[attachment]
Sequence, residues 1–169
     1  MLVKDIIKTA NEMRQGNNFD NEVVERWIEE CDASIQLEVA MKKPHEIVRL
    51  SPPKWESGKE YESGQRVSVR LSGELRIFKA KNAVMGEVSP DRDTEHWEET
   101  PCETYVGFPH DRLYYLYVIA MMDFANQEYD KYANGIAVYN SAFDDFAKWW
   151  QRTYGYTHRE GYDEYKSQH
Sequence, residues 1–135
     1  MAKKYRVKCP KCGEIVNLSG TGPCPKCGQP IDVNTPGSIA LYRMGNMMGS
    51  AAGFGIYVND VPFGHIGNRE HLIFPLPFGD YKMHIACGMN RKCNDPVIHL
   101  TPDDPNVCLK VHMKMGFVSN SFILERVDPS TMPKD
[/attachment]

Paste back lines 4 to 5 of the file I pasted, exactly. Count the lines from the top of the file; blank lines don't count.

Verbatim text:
   101  PCETYVGFPH DRLYYLYVIA MMDFANQEYD KYANGIAVYN SAFDDFAKWW
   151  QRTYGYTHRE GYDEYKSQH